Lawyer questions if Detroit Grand Prix at Belle Isle is legal

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The Detroit Grand Prix is set to start Friday, but its future here is still in flux. So much so, there's a new effort to get the race off Belle Isle.

One lawyer is questioning the legality of the big event. The City of Detroit and Department of Natural Resources say there is not a lot to question in this situation.

"In my opinion to have that auto race on our primary city park is a travesty. It doesn't belong there," said attorney Paul Kettunen, who added that it may even be illegal.

Kettunen works with a group of Detroiters that wants Belle Isle to pull the plug on the Detroit Grand Prix after this year's race.

"Fundamentally, the permits that need to be issued for this race to legally take place are under the City Motor Vehicle Racing Act of 1981," he said. "That is a state statute. That requires for any race to be conducted in city limits, the city must issue a permit."

Kettunen says that was done through a contract between the City of Detroit and the Grand Prix from 2007 and 2014, but it's unclear if that contract was renewed and if the permit has been granted since then.

But the city and the state's DNR, which has managed Belle Isle since the bankruptcy, disagree. They say the permit in question is unnecessary because Belle Isle is now a state park.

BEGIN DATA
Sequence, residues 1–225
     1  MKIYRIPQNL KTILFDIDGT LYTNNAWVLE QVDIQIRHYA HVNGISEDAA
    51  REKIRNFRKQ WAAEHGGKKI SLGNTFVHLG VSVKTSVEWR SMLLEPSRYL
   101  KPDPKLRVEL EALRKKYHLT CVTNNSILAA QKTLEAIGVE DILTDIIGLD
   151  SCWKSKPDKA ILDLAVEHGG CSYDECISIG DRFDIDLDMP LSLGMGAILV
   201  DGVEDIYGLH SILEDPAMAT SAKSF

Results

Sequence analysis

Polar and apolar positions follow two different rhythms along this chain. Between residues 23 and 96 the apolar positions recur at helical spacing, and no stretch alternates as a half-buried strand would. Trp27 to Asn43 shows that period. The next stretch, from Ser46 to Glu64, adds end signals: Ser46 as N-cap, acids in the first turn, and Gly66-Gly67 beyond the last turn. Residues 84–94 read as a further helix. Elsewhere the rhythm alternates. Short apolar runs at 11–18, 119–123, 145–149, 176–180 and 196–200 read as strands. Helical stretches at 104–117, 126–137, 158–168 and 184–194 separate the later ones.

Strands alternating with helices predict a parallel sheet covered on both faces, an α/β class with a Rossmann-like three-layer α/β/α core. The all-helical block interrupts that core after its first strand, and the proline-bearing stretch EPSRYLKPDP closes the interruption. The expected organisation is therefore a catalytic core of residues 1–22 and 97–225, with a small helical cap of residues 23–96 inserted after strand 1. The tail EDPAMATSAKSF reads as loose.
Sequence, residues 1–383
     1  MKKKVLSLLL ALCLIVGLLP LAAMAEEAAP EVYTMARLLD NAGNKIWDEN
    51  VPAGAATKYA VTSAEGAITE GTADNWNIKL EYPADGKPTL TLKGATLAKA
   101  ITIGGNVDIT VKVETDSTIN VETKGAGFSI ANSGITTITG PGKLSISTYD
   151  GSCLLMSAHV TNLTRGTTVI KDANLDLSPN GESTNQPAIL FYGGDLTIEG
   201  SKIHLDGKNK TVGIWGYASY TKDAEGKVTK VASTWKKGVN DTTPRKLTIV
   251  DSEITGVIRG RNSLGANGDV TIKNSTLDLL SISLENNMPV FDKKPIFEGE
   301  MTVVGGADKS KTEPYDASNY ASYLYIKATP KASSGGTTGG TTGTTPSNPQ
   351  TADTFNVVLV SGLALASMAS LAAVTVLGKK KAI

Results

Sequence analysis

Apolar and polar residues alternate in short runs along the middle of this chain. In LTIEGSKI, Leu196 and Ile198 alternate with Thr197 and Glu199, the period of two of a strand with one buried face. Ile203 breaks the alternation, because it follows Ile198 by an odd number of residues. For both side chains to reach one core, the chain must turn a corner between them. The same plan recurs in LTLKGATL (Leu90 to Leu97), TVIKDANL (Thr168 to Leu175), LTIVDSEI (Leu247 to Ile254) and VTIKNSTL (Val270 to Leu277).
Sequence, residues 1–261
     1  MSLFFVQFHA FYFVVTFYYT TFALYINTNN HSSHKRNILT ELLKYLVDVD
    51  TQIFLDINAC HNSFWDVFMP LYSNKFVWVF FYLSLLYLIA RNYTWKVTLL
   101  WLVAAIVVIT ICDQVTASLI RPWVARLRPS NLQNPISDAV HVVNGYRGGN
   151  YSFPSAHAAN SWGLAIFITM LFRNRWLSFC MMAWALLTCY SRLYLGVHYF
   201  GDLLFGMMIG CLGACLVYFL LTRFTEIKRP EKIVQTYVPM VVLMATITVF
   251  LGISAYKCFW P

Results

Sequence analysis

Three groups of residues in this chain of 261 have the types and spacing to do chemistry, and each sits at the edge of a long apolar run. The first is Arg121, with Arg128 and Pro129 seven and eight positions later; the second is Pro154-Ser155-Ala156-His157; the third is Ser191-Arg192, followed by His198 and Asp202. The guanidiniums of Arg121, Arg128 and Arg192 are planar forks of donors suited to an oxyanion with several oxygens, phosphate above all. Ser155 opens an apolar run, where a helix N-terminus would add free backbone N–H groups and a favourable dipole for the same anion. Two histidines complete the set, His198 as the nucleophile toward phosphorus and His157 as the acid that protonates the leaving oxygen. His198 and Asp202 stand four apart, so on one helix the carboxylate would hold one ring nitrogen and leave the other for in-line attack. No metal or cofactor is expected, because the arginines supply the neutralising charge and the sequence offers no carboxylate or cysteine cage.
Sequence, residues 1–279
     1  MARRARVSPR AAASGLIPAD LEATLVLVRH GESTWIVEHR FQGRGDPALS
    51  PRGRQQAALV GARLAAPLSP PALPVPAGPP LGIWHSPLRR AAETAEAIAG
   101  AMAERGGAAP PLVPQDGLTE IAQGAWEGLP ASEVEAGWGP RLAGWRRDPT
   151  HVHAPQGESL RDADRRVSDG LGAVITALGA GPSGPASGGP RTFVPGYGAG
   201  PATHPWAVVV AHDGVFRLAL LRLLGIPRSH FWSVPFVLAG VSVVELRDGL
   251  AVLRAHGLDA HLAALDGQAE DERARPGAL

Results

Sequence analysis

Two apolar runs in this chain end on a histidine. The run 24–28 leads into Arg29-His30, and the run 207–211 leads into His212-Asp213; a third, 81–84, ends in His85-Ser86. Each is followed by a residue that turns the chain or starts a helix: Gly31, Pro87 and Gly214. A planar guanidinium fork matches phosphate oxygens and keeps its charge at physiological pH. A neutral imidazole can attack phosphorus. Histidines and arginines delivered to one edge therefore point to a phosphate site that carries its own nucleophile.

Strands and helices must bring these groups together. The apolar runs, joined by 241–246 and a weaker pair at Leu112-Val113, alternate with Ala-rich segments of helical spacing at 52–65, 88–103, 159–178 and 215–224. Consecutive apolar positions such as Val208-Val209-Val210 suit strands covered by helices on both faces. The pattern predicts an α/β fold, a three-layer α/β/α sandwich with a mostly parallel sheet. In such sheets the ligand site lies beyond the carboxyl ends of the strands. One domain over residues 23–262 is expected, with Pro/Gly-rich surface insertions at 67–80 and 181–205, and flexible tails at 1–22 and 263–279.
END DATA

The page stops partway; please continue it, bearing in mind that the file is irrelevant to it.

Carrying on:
"The city ordinances are not what we operate under," said Ron Olson, DNR. "We operate under the authority of the State of Michigan and the laws that govern the state park."

But the city of Detroit still owns the park and, according to Kettunen, the City Motor Vehicle Racing Act still applies. There's long been concern about the race's impact on Belle Isle.

Parts of it are inaccessible for months leading up to the Grand Prix and weeks after it, not to mention the growing amounts of concrete and the erasure of greenspace.

"That's probably, to me, the worst part of this," said Kettunen. "The blight that's been created out there. It's not just the big concrete paddock, it's the pit stop concrete. It's the widening of roads, the construction of redundant walkways, more parking lots. 

"This is all to service a race that takes place one time a weekend a year."

But that weekend brings a different kind of green to metro Detroit. A study revealed the Grand Prix produced about $20 million in local income and had a total economic impact of $31 million.

That lawyer plans on lobbying Councilwoman Mary Sheffield about this issue if that doesn't work he may sue both the state and the organizers of the Detroit Grand Prix.